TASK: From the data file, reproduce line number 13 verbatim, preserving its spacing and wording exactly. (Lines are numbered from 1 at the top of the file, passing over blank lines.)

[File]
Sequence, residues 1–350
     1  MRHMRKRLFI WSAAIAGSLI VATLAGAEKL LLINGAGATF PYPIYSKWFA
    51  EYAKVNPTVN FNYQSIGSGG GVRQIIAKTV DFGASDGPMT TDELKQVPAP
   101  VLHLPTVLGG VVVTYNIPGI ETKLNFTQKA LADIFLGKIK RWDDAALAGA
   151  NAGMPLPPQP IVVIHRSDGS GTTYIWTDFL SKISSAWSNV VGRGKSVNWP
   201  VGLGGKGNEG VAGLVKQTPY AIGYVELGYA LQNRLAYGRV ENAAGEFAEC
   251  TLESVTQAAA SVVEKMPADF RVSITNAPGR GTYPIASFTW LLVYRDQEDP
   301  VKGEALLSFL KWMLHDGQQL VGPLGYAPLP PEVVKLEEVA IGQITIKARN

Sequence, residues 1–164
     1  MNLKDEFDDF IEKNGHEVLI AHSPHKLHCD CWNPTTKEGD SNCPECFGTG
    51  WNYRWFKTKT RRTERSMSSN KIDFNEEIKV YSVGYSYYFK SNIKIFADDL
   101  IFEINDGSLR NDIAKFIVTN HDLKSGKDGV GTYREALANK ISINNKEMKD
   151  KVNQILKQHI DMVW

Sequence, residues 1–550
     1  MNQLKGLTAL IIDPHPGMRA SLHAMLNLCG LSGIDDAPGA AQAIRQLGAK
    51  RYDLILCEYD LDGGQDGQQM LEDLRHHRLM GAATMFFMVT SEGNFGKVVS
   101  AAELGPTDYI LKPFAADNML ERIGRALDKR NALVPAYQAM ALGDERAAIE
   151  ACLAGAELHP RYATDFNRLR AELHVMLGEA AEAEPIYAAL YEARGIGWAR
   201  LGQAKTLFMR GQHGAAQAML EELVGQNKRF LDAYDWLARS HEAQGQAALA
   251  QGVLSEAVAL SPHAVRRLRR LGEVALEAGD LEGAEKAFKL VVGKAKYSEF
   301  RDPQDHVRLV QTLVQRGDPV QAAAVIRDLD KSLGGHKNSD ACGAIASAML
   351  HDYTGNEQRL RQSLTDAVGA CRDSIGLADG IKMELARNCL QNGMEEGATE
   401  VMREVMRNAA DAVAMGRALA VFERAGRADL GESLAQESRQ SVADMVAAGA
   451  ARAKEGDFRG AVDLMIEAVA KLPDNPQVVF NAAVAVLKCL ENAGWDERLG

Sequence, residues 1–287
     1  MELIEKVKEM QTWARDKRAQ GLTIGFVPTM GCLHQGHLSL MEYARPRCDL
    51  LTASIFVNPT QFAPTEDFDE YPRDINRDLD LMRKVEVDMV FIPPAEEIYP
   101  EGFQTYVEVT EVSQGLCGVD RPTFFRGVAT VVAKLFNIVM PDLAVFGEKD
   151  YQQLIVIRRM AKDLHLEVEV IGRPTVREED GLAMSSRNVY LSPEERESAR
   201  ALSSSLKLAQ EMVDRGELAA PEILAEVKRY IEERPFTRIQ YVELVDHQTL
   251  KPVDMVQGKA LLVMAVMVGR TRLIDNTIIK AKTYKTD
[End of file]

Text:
   151  KVNQILKQHI DMVW